COVID-19 Camp Guidelines

*Edited May 26, 2021

Prior to Boarding the Bus

  • Every parent should ensure the following before allowing their student on the bus: 
    • Is my child showing any flu-like symptoms?
    • Has my child had a fever of 100.4 or higher in the past 14 days?
    • Has my child had prolonged exposure to someone who has tested positive for COVID-19?

While at Camp 

  • Masks will be optional at camp; they will not be required.  
  • We will not have strict social distancing guidelines at camp but we will try to keep small groups in the same locations for indoor activities (cafeteria, auditorium, etc.)
  • We will have hand sanitizing stations throughout camp and will encourage students to wash their hands regularly.
  • All outdoor recreation equipment (including the wave pool) will be sanitized according to Ocoee Ridge Camp’s guidelines. 

Other Things to Know as It Relates to COVID-19

  • Personal supplies – hairbrushes, pillows, caps, contact lens solutions, make-up – belong to the owner and should not be shared with others. Campers who bring food and drink from home are not allowed to share with other campers. 
  • If someone shows symptoms of COVID-19 (headache, fever, sore throat, cough, runny nose), the following protocols will be initiated under the supervision of the Camp Nurses: 
    • The parents/guardians of the symptomatic person will be notified immediately. 
    • The symptomatic individual will be isolated from the rest of the group, under the supervision of the Camp Nurses. 
    • To determine if the symptomatic individual is positive for COVID-19, a rapid test will be administered at a nearby clinic recommended by Ocoee Ridge Camp. If the individual tests positive, parents/guardians will be notified, they will remain isolated, and contact tracing will begin. Contact tracing will primarily be contained to the positive person’s small group. The person diagnosed with COVID-19 and anyone in close contact (cabin/small group) are required to separate themselves from the entire camp by returning home, self monitor for symptoms, and follow CDC guidelines if symptoms develop. One of two options are available for transportation home: 
      • Parents will come and pick up their child from camp (or make arrangements for them). 
      • Summit Students will rent a van and a small group leader (over the age of 25) will drive students home. 
    • We will notify all parents of campers that a student or leader has tested positive in another (not within close contact) small group. Parents can make the decision to pick up their child from camp if they choose to. 
    • For students who have already been vaccinated, we will leave that up to the parents to decide how they would like to proceed. Because we are not requiring proof of vaccination, it will be a case by case basis and parents will let us know their preferences should exposure or symptoms arise. 

Our team will monitor trends and recommendations from our State Health Department as well as the CDC to see if any new policies need to be added or existing policies lifted. Those changes will be communicated with parents immediately. If for any reason the parent feels that such changes would change their students participation in camp, a full refund will be issued. For questions regarding the COVID-19 guidelines, please contact 


For Parents and Leaders Before and During Camp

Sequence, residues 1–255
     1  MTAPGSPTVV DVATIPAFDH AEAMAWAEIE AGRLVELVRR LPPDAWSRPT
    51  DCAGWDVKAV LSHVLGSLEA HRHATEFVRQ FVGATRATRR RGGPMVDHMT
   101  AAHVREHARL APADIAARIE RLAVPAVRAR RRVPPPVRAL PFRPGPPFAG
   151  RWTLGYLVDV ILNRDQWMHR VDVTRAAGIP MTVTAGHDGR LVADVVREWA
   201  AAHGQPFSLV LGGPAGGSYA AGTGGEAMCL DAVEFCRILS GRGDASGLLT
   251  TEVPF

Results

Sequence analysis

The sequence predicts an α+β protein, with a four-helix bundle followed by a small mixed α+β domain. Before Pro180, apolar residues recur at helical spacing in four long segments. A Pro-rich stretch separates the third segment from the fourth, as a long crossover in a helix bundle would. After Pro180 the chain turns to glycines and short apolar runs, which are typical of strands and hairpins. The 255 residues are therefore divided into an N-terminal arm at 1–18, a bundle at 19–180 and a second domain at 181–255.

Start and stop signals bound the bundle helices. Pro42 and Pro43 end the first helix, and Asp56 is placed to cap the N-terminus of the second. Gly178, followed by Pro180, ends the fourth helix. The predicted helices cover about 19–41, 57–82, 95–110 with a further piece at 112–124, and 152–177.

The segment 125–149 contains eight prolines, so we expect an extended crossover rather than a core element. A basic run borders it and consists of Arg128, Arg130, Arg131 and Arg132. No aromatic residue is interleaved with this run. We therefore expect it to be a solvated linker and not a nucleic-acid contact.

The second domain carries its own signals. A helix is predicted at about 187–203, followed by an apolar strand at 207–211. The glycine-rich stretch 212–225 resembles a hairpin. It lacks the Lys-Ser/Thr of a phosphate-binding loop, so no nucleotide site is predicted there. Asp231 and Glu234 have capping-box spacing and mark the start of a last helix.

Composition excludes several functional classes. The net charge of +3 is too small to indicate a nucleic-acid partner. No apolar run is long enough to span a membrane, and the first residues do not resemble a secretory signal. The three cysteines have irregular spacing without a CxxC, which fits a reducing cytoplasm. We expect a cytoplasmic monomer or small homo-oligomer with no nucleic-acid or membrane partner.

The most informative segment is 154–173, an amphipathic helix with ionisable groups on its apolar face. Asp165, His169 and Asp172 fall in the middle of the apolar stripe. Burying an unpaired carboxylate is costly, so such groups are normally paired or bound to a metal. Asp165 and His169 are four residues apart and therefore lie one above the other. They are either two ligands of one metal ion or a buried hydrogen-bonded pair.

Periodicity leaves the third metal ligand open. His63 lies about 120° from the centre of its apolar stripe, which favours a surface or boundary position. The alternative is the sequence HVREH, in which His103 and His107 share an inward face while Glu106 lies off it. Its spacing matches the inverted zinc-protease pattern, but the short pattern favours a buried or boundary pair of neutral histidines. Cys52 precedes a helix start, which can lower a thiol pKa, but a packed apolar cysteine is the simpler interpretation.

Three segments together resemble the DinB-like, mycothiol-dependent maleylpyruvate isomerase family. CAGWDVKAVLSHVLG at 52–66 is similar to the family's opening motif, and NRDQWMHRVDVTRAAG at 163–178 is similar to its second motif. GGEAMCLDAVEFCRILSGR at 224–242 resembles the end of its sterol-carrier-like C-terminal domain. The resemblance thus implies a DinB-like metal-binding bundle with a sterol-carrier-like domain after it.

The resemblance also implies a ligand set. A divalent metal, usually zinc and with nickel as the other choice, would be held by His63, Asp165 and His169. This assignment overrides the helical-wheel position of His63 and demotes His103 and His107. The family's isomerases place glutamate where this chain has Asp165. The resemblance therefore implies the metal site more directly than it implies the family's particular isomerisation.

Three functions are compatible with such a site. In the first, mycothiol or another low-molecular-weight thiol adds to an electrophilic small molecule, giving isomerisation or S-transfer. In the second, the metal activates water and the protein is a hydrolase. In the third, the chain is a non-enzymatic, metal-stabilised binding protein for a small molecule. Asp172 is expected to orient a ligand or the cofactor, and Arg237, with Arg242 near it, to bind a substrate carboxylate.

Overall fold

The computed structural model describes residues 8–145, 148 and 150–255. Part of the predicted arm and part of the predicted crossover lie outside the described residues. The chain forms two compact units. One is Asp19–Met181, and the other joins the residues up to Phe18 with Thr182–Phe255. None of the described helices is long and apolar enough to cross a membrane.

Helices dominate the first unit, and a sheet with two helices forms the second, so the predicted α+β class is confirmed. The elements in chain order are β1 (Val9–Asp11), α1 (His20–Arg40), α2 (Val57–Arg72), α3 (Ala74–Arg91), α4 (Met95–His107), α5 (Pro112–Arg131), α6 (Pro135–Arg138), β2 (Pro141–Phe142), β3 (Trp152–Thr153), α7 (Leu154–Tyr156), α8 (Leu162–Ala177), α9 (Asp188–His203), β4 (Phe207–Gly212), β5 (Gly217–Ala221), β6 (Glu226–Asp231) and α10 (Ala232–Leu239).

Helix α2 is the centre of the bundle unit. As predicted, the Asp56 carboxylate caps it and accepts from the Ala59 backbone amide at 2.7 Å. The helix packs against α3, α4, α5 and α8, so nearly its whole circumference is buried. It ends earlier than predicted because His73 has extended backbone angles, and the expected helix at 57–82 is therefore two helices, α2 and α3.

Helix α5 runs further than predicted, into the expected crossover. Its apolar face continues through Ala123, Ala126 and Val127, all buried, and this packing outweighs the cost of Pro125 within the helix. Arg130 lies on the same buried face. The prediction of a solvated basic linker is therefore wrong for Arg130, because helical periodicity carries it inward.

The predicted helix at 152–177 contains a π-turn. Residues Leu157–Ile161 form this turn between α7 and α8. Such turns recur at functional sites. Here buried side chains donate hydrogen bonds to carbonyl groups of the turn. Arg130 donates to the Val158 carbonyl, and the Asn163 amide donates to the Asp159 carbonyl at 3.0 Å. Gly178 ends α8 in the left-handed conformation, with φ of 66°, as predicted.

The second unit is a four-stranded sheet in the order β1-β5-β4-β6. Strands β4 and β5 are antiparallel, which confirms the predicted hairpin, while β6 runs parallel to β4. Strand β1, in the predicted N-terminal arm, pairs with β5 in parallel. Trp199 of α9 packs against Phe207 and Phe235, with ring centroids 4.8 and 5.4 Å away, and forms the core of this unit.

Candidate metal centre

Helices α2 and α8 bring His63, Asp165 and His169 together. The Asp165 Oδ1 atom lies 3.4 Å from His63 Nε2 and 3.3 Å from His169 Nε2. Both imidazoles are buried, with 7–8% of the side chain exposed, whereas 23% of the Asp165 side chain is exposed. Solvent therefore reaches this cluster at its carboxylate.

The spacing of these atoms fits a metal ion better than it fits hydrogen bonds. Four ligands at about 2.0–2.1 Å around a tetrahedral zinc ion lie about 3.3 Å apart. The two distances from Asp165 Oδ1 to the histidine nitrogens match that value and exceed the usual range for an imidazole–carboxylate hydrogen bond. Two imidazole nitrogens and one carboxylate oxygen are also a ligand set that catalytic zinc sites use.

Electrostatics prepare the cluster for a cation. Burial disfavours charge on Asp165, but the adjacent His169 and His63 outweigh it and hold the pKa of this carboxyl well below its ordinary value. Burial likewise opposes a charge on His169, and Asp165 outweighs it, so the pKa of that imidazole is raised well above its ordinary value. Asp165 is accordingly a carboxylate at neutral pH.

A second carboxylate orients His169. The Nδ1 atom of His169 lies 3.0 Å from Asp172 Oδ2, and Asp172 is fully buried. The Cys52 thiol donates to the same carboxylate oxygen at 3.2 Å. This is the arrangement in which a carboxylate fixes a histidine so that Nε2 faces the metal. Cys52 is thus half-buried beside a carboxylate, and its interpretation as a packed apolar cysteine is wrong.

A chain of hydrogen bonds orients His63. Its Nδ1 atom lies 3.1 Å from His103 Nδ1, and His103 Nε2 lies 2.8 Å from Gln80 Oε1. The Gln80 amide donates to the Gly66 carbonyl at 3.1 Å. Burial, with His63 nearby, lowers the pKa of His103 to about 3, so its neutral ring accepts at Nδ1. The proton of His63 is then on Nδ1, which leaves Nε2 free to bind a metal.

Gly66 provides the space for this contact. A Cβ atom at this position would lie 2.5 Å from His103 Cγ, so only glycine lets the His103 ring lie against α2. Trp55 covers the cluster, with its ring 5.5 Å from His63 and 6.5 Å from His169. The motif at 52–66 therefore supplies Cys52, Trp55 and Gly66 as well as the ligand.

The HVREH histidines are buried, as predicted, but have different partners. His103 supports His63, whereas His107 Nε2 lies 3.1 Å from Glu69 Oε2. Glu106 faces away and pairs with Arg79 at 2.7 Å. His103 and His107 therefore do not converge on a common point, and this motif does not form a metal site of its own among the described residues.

• Encourage students to talk about how they are feeling. Tell students they can ask you any questions and make yourself available to talk and listen.
  • Be calm and reassuring; be careful not only about what you say but how you say it.
  • Listen for underlying fears or concerns. Ask questions to find out what a concerned student knows about COVID-19.
  • Let students know that fear is a normal and acceptable reaction.
  • Provide only honest and accurate information. Correct any false information they may have heard. Note: Make sure to be considerate with students when correcting any information.
  • If you do not know the answer to a question, say so. Do not speculate. Find answers by visiting the CDC website.
  • Make sure students know how the virus can spread and how to prevent it from spreading. 
  • Talk about what the camp is doing to protect students from getting sick.
  • Tell students that even though the COVID-19 pandemic is serious, hospitalizations and death are rare, especially in young healthy individuals.
  • Let students know that teens and children seem to get a milder illness when compared to adults.
  • Speak in age-appropriate language:
    • Upper elementary and early middle school aged children: This age group often is more vocal in asking questions about whether they indeed are safe and what will happen if COVID-19 spreads in their area. They may need assistance separating reality from rumor and fantasy. Discuss the efforts national, state, and community leaders are making to prevent germs from spreading and keep people healthy.
    • Upper middle and high school aged children: With this age group, issues can be discussed in more depth. Refer them to appropriate sources of COVID-19 facts. Provide honest, accurate, and factual information about the current status of COVID- 19.
  • Reduce stigma, especially against individuals of Asian descent and those who have traveled recently.
  • Direct students with questions you cannot answer and/or fears you cannot calm to administration, camp nurses or the designated staff member(s) responsible.
  • Have follow-up conversations with students who have asked questions or expressed concerns.
  • Staff and students who are experiencing stress and anxiety should be referred to the Camp Nurse.